وختامًا نشكركم جزيل الشكر لاطلاعكم على هذا التعريف الموجز للجامعة، متمنين لكم النجاح والتفوق، ومزيدًا من التقدم والازدهار.

    تحياتنا لكم
    فريق التسويق بجامعة المدينة العالمية بماليزيا


  10. السلام عليكم ورحمة الله وبركاته
    تحية طيبة وبعد ,,,,

    يسعدنا بداية أن نهديكم أصالة عن أنفسنا، ونيابة عن جامعة المدينة العالمية [MEDIU] أرق التحية وأطيب الأمنيات لكم بدوام التقدم والإزدهار، مقرونة بصادق الدعوات لكم بالمزيد من التوفيق والتطور والنماء.
    جامعة المدينة العالمية [MEDIU] ماليزيا:
    “جامعة المدينة العالمية [MEDIU] ماليزيا” هي إحدى الجامعات الرائدة في دولة ماليزيا، والتي امتازت بالتفوق والتميز في مجالات التقنية والتعليم العالي، و “جامعة المدينة العالمية [MEDIU]” هي جامعة متعددة الثقافات والمجالات الدراسية ويقع مقرها الإداري الرئيسى في مدينة شاه علم بماليزيا ، وإليكم تاريخ موجز:
    1.    تأسست “جامعة المدينة العالمية [MEDIU]” مطلع عام 2004م بالمدينة المنورة.
    2.    في تاريخ 19/يوليو/ 2006م حصلت الجامعة على دعوة من وزارة التعليم العالي الماليزية لإنشاء مركز الجامعة بدولة ماليزيا .
    3.    بتاريخ 20/يوليو/2007م، حصلت الجامعة على الترخيص الكامل من وزارة التعليم العالي الماليزية لتكون أول جامعة عالمية ماليزية تنتهج منهجي التعليم – نظام التعليم المباشر في المقر الجامعي بماليزيا – نظام التعليم عن بعد (عبر التعليم الالكتروني) وتستهدف الطلاب من شتى أنحاء العالم.
    4.    في مطلع شهر فبراير من العام 2008م بدأت الجامعة أعمال التشغيل الكامل وإستقبال الطلاب .
    5.    إلتحق بالجامعة إلى مطلع العام 2009م زهاء [1500] طالب وطالبة من دول مختلفة، في حين زاد عدد طلبات الإلتحاق المقدمة إلى الجامعة عن [3000] طلب إلتحاق.
    6.    اوائل /2009 م.  طرحت الجامعة اكثر من (24)برنامجا أكاديميا معتمدا من قبل هيئة الاعتماد الأكاديمي ووزارة التعليم العالي الماليزية في كلياتها, واكثر من (34) دورة معتمدة في اللغتين العربية والإنجليزية بمركز اللغات .
    7.    أوائل 2009 م.  تنوعت مستويات البرامج الدراسية في الجامعة لتشمل إيجاد مراحل : المستوى التمهيدي للمرحلة ماقبل الجامعية , الدبلوم , درجة البكالوريوس ، الدراسات العليا , دورات التأهيل اللغوي .
    8.    أواسط 2009 م.  بلغ عدد الطلبة الذين تم تسجيلهم في الجامعة اكثر من (4701) طالب وطالبة من اكثر من ( 40 ) جنسية حول العالم .
    9.    الربع الثالث لسنة 2009 م.   اجتازت جامعة المدينة العالمية  [MEDIU] بنجاح التفتيش المؤسسي الذي عقدته وزارة التعليم العالي الماليزية للتأكد من الجودة الأكاديمية والإدارية للجامعة .
    10. نهاية عام 2009 م.   زاد عدد طلبات الإلتحاق الوارده الى الجامعه عن ( 6508 ) طلب من اكثر من (60) دولة حول العالم , فيما زاد عدد الطلبة المسجلين في الجامعة عن ( 2482 ) .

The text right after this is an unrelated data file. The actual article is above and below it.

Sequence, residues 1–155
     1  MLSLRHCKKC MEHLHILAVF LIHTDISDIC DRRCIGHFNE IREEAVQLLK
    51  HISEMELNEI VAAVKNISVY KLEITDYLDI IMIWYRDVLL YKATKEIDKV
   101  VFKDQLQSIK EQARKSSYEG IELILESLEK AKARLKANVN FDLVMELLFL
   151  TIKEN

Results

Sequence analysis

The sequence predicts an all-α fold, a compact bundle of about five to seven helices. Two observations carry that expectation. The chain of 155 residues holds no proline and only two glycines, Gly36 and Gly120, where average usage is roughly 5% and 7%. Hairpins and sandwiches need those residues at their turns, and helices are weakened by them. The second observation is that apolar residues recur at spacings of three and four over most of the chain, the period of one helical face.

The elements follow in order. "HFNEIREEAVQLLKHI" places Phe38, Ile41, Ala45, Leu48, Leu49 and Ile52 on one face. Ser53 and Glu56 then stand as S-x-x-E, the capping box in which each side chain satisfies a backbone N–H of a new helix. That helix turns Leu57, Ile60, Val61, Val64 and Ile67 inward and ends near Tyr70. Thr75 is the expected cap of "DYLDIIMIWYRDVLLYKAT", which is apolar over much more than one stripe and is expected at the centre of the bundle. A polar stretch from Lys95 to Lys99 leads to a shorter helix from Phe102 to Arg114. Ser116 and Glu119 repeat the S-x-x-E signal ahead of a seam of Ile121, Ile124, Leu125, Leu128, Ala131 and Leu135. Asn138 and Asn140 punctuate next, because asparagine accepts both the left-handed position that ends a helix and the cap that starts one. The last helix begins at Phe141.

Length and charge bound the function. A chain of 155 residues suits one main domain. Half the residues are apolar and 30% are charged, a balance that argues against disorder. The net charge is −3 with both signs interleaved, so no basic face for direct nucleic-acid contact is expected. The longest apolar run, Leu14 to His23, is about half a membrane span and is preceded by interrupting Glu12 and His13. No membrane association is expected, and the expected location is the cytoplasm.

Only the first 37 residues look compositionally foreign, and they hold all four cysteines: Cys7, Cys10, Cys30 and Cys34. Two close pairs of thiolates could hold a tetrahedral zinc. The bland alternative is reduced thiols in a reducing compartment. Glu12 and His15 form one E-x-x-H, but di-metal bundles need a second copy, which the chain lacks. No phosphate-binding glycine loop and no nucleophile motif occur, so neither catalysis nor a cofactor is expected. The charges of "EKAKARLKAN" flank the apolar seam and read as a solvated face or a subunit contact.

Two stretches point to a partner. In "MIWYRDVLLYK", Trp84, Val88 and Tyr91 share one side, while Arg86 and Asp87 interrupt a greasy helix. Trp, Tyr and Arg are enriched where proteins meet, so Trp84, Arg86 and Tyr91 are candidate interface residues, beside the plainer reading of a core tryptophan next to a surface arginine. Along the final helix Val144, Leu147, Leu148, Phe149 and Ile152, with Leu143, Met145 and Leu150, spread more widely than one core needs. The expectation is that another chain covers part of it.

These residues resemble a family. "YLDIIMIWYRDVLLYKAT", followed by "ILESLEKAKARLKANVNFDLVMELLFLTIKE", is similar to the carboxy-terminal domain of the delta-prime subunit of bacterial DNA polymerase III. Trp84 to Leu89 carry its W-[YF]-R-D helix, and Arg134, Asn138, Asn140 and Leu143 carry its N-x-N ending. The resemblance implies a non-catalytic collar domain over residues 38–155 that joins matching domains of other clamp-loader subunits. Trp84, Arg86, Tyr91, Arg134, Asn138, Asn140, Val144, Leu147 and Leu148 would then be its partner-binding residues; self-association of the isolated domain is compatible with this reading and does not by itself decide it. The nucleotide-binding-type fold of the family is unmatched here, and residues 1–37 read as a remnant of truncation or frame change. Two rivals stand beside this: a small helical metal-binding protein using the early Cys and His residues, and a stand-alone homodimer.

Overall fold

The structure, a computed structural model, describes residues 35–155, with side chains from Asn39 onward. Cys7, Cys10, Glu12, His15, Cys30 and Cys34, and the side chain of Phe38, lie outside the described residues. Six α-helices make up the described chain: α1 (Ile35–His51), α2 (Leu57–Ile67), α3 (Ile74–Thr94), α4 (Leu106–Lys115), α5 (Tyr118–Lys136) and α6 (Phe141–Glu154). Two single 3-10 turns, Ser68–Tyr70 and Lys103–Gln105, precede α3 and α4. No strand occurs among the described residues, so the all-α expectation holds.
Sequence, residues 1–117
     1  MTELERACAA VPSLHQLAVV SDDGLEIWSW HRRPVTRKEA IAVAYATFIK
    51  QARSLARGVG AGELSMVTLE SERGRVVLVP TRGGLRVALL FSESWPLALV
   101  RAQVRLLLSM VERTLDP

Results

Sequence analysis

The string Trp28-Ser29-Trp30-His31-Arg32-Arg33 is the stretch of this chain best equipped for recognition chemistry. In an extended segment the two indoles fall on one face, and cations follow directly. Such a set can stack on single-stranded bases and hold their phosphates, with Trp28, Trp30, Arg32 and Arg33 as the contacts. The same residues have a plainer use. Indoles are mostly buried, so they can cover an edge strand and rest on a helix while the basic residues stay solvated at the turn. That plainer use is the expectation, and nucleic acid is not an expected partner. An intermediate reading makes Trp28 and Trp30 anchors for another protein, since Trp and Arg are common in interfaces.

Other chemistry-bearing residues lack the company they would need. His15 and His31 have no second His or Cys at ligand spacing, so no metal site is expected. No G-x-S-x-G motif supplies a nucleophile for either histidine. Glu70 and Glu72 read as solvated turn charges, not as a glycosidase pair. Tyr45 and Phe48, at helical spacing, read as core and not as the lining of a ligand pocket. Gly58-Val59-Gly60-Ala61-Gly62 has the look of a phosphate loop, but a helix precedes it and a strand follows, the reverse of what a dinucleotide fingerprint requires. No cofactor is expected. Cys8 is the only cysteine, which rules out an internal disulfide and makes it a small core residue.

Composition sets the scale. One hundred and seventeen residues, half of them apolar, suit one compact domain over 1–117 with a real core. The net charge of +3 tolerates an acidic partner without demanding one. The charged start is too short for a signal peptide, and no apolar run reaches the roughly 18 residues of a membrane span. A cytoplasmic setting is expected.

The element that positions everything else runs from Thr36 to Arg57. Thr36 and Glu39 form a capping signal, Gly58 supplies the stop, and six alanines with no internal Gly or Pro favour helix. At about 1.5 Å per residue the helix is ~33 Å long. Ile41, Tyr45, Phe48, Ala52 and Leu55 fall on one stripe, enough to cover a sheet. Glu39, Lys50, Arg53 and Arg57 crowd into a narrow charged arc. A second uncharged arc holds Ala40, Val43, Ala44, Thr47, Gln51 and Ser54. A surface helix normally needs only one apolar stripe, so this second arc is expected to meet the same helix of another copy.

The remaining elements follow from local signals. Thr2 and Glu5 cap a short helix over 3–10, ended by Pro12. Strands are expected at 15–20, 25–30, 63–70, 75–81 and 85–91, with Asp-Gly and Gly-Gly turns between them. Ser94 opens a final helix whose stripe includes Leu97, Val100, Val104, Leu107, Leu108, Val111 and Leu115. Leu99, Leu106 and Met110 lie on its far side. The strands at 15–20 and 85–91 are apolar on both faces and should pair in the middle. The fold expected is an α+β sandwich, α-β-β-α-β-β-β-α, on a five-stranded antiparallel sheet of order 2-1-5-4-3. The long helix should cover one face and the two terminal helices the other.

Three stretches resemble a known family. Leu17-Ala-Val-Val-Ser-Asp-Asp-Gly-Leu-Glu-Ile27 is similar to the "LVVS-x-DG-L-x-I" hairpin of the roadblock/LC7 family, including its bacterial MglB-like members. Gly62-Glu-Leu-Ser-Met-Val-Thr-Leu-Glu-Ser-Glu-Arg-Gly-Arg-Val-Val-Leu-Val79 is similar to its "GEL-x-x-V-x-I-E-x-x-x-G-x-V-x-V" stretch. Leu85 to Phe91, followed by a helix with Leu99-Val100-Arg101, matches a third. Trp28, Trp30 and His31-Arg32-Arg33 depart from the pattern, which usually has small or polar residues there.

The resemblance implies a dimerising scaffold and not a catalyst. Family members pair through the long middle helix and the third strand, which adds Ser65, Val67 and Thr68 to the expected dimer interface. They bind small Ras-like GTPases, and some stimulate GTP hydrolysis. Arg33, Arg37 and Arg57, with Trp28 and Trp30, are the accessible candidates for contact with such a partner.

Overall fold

11. نهاية عام 2009 م.   انتهت الجامعة من تقديم (10) برامج دراسية جديدة لإعتمادها من قبل هيئة الإعتماد الماليزي في مراحل الدراسات العليا .
    12. نهاية عام 2009 م.    بدأت جامعة المدينة العالمية الاجراءات التأسيسية للبدء بالتعليم الجامعي المباشر في تخصصات علمية وتطبيقية جديدة شملت علوم الحاسب الآلي , والعلوم المالية والإدارية , والهندسة والتي تعتزم أن يتم البدء بها منتصف العام 2010 م .
    13. أوائل عام 2010 م.   زاد عدد الطلبة المنتسبين في الجامعة الى (3057 ) طالب من مختلف دول العالم  , من بداية موسم 2010 .
    14. نهاية عام 2010 م.    بلغ عدد طلبات الإلتحاق الواردة الى الجامعة لنظام التعليم المباشر قرابة (511) بلغ عدد المسجلين أكثر من (154) طالباً .
    15. أوائل عام 2011 م.    زاد عدد طلبات الإلتحاق الواردة إلى الجامعة لنظام التعليم المباشر قرابة (2312) وبلغ عدد المسجلين أكثر من (362) .
    16. أوائل عام2011 م.   إدراج  برامج جامعة المدينة العالمية الحاصلة على الإعتماد الأكاديمي الكامل لأربعة برامج دراسات عليا في كلية العلوم الاسلامية  ضمن قائمة المؤهلات المعترف بها من قبل هيئة الخدمة المدنية بماليزيا .
    17. نهاية عام 2011 م.  تم تخريج الدفعه الأولى من طلبة جامعة المدينة العالمية في مرحلة برامج الماجستير والبكالوريوس وعددهم (84) طالبا وطالبة لدرجة البكالوريوس, و(27) طالبا وطلبة  لدرجة الماجستير .
    ماذا يميز جامعة المدينة العالمية [MEDIU] ؟
    أولاً: التقنية العالية والتسهيلات الحديثة: إن البنية التقنية لجامعة المدينة العالمية معدة لتلاءم أفضل المواصفات العصرية في مجال التعليم الالكتروني والتعليم عن بعد، وتشمل تلك البنية التحتية الأمور الآتية :


  11. فيما يلي الخدمات التي تقدمها الجامعة لطلاب التعليم المباشر بمقر الجامعة بماليزيا :
    1.    تأمين تأشيرات الدراسة في ماليزيا لطلبة التعليم المباشر.
    2.    استقبال الطالب بالمطار عند قدومه لأول مرة إلى ماليزيا.
    3.    مساعدة الطالب للحصول على السكن المناسب عند رغبته في ذلك، نظرًا لعدم توافر سكن تابع للجامعة حاليًا.
    4.    القيام بإجراءات الحصول على اللاصقة (الإقامة) للطالب بعد وصوله إلى ماليزيا.
    5.    تجديد تأشيرة الطلاب (الإقامة) سنويًا.
    6.يقدر الطالب علي ارسال دعوة مرافق له (الزوجة .الابن.الاخ .الام .الاخت .الخ .
    7.    تقديم الأنشطة اللاصفية المختلفة مثل (المسابقات، الندوات، الأنشطة الدينية والثقافية والاجتماعية والرياضية وغيرها).
    8.    الاستفادة من المكتبة الورقية المتوفرة بالجامعة إضافة إلى المكتبة الإلكترونية.
    9.    توفير معامل الحاسب الآلي للبحث العلمي، والشبكة اللاسلكية (واي فاي) في الحرم الجامعي.
    10.    تقديم التوجيهات للطلاب الجدد لينسجموا مع الحياة العلمية والاجتماعية بماليزيا.
    11.           تقديم الاستشارات الأكاديمية للطلاب.
    12.           إصدار التأمين الصحي للطلاب.

    تحياتنا جامعة المدينة العالمية بماليزيا